An 82-year-old hypertensive, diabetic man with Canadian Cardiovascular Society Grade III angina underwent cardiac catheterization after a grossly positive stress test while on optimal medical therapy. After some manipulation of coronary catheters through severe aortoiliac disease via transfemoral approach, he was shown to have severe three-vessel disease (including left main) and moderate left ventricular dysfunction. He was then admitted to the hospital for inpatient coronary artery bypass graft surgery. Table 1 shows inpatient biochemical information.
Table 1: Inpatient Biochemical Information
3 Days Post-Angiography
6 Days Post-Angiography
Glomerular Filtration Rate (GFR) (ml/min/1.73 m2)
Urine Output (ml/hr)
Which of the following is the most likely cause of his kidney dysfunction?
The correct answer is: B. Contrast-induced nephropathy
Table 2 distinguishes between contrast-induced nephropathy and cholesterol emboli. Although this patient has risk factors for cholesterol emboli (for example, peripheral vascular disease, old age, and hypertension), answer A is incorrect because his GFR dropped by day 3 as opposed to an expected GFR drop days to weeks later. Also, there are no associated skin or eye findings described. Importantly, accelerated hypertension is not described in the patient's clinical course. Answer C is incorrect because patient had bland urine and no evidence of granular casts. There are no other supporting features to suggest that answer D is correct; there is no evidence of end organ malperfusion, and urine output did not decrease. Therefore, contrast-induced nephropathy is the most likely choice given the timing of onset and offset of decreased GFR.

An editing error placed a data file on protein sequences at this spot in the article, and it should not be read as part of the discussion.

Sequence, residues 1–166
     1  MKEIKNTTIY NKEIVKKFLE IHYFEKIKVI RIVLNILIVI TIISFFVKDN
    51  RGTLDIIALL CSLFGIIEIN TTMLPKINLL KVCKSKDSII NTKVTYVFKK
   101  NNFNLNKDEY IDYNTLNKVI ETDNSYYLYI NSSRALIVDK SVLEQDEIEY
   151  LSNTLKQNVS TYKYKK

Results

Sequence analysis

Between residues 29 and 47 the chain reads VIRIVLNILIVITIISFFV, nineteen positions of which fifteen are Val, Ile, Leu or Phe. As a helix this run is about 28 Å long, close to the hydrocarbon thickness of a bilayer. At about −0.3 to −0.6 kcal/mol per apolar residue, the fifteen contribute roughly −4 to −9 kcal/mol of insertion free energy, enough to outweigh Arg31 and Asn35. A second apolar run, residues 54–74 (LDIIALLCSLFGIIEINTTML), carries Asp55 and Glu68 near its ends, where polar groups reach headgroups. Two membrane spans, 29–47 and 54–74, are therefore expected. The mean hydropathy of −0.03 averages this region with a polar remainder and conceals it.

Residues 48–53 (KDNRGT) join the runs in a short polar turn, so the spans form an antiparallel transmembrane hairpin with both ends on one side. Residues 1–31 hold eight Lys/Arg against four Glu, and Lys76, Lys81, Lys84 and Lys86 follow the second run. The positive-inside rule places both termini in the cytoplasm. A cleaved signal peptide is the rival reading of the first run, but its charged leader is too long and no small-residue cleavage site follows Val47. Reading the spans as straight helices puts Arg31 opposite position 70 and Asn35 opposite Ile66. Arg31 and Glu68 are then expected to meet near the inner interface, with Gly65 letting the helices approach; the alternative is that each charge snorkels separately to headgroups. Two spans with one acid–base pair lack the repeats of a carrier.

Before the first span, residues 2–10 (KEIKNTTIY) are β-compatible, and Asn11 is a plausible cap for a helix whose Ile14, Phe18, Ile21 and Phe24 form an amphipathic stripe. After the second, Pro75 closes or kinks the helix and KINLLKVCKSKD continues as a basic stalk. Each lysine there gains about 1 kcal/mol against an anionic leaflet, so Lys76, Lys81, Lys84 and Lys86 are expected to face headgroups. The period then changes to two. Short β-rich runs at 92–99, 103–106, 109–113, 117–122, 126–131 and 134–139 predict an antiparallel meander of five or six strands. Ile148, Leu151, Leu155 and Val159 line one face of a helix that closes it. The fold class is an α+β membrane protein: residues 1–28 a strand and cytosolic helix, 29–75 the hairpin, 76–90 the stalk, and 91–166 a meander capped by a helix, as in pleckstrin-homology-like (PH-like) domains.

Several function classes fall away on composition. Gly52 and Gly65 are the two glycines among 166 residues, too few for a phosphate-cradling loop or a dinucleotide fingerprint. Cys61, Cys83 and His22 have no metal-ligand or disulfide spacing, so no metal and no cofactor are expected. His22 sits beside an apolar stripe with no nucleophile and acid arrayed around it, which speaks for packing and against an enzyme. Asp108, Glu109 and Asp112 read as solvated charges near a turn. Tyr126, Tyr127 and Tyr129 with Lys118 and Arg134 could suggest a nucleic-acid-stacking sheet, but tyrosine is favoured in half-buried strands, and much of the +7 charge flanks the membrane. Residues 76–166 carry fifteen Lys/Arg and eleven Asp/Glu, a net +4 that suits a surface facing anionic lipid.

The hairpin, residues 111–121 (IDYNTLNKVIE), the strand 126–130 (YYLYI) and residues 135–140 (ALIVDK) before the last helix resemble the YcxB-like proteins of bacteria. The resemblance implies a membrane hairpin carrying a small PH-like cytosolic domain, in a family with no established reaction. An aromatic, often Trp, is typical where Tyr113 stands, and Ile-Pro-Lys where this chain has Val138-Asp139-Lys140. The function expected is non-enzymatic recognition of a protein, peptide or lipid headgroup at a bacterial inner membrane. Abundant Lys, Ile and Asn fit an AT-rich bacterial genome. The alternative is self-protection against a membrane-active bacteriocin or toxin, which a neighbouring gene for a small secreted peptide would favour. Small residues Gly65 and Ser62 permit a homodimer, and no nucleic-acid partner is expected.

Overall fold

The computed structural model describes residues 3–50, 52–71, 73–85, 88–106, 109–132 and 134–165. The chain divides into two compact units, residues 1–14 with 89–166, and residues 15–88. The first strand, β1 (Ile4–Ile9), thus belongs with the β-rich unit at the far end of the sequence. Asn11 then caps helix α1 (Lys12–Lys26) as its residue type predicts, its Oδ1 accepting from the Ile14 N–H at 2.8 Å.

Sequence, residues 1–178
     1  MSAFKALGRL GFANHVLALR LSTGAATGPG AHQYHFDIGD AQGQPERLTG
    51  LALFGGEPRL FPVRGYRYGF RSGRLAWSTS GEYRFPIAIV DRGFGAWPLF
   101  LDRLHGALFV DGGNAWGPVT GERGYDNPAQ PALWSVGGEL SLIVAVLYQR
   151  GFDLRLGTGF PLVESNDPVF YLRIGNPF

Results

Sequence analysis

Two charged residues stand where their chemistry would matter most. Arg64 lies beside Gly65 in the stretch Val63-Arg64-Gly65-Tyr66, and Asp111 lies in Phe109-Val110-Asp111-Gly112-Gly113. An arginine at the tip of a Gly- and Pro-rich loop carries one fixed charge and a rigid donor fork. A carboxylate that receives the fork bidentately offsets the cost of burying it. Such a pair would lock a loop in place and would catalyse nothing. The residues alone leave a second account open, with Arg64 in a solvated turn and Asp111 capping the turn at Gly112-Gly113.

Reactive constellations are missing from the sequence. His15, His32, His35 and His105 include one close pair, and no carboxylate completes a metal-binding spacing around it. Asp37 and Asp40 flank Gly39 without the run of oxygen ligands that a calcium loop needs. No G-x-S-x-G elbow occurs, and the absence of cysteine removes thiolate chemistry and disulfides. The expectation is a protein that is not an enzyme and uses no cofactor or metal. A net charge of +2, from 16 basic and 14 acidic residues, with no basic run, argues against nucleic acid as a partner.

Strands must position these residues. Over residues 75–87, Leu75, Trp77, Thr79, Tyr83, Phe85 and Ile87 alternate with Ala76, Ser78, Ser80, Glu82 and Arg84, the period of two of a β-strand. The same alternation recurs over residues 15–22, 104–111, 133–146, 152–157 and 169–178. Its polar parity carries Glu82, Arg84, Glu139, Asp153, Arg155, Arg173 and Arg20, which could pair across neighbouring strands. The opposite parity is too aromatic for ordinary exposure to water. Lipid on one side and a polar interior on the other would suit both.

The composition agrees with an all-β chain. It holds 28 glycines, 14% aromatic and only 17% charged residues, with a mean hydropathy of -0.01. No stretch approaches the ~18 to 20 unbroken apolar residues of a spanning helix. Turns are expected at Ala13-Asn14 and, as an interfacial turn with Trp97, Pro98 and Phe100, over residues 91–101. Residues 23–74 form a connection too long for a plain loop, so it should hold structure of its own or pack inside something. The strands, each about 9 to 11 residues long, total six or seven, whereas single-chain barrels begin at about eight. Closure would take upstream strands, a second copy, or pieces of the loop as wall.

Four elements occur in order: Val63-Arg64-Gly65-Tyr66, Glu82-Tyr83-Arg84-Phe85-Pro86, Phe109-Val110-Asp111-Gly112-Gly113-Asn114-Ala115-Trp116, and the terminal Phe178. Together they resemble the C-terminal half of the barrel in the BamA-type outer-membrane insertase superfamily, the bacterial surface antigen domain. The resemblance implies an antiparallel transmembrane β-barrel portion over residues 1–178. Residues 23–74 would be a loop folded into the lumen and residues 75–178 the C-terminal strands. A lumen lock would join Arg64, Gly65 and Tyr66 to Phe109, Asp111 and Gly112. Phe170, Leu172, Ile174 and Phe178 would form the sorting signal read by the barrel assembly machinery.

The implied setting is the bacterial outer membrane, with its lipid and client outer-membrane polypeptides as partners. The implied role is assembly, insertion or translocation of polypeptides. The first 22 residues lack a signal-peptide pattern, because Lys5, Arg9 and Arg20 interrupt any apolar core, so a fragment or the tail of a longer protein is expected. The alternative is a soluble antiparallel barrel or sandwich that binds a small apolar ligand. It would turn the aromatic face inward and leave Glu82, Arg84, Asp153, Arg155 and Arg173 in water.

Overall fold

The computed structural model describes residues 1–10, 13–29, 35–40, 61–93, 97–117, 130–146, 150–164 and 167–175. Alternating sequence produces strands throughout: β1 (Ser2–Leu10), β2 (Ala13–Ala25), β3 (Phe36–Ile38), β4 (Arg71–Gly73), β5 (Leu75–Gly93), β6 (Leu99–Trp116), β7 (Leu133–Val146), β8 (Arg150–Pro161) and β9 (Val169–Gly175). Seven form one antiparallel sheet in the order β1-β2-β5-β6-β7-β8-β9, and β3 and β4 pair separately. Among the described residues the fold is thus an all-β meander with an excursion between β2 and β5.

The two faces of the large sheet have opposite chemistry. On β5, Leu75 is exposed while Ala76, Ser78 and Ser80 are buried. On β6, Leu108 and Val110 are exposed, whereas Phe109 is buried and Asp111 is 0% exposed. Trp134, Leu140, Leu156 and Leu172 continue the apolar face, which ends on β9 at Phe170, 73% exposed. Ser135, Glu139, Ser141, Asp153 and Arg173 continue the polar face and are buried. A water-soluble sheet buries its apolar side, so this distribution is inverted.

Table 2: Contrast-Induced Nephropathy Versus Cholesterol Emboli
Vasoconstriction; free radical injury to renal tubular cells; hypoxemia
Plaque debris embolizes to small arteries
Increased erythrocyte sedimentation rate; decreased C3 and C4; eosinophilia
Incidence of Renal Failure
<1 to >20%
1.4 to 1.9%
Accelerated hypertension; livedo reticularis; blue toe syndrome; eye findings
Peaks in 48-72 hrs;
may resolve 4-7 days
Acute: 1-2 weeks
Sub-acute: weeks in “staircase pattern”
May be bland; may show acute tubular necrosis (granular casts)
Bland +/- proteinuria
Kronzon I, Saric M. Cholesterol embolization syndrome. Circulation 2010;122:631-41.
Kagan A, Sheikh-Hamad D. Contrast-induced kidney injury: focus on modifiable risk factors and prophylactic strategies. Clin Cardiol 2010;33:62-6.